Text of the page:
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JOURNALS || ASIO Journal of Pharmaceutical & Herbal Medicines Research (ASIO-JPHMR) [ISSN: 2455-281X]
THE DIAGNOSIS AND MANAGEMENT OF PRE-ECLAMPSIA AND ECLAMPSIA: A REVIEW

Author Names : Tamal Maity
Page No. : 21-23  volume 2 issue 1
Article Overview

ARTICLE DESCRIPTION: 

Tamal Maity, Sounik Banerjee, Amlan Bishal, Rupajit Bhattacharjee, Satya Prasanna Das. The Diagnosis and Management of Pre-Eclampsia and Eclampsia: A Review, ASIO Journal of Pharmaceutical & Herbal Medicines Research (ASIO-JPHMR), 2016: 2(1), 21-23.

ARTICLE TYPE: Review

dids/doi No.: 12.2015-77737978

dids link:  http://dids.info/didslink/02.2016-14516413/


ABSTRACT:

The accurate cause of pre-eclampsia is not implicit. Often there are no symptoms and it may be picked up at your routine antenatal appointments when you have your blood pressure checked and urine tested. This is why you are asked to bring a urine sample to your appointments. Other important factors are the severity of the mother’s preeclampsia, whether or not it recurred, and a history of low birth weight babies. This does not mean the person will definitely develop these heart problems if he/she had preeclampsia, but for some women pregnancy can be considered a “failed stress test”, possibly unmasking other health issues. Many of the risk factors for preeclampsia and diseases affecting your blood pressure and heart are the same. They include a family history of high blood pressure, heart disease and diabetes, being overweight, problems with blood clotting, and metabolic syndrome. If there is no initial response to oral therapy or if it cannot be tolerated, control should be by repeated boluses of labetalol 50mg followed by a labetalol infusion as a first line drug. The use of a second line agent (hydralazine or nifedipine) can cause precipitate drops in blood pressure, particularly if magnesium sulphate therapy is also being administered.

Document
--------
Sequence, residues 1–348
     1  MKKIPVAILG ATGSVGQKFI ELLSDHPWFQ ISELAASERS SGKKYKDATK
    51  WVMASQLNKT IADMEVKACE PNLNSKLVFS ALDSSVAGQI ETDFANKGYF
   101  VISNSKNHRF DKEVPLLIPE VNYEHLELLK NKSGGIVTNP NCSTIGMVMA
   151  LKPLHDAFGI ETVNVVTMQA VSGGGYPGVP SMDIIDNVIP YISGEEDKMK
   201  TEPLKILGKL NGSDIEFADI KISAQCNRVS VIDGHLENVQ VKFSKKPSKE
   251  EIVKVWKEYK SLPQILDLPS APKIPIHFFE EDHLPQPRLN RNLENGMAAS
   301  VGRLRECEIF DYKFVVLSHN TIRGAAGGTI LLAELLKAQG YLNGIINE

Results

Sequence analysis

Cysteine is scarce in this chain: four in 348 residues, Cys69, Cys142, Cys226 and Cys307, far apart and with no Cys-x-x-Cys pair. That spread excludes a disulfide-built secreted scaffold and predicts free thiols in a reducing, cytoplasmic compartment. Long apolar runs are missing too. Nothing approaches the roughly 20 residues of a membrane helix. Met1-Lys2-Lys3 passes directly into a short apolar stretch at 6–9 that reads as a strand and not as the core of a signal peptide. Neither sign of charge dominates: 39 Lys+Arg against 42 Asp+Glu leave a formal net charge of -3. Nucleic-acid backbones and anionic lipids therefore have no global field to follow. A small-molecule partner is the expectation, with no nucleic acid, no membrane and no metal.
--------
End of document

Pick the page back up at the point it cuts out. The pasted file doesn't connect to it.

Keywords: Pre-eclampsia, blood pressure, maternal and perinatal mortality, labetalol, hydralazine, nifedipine.

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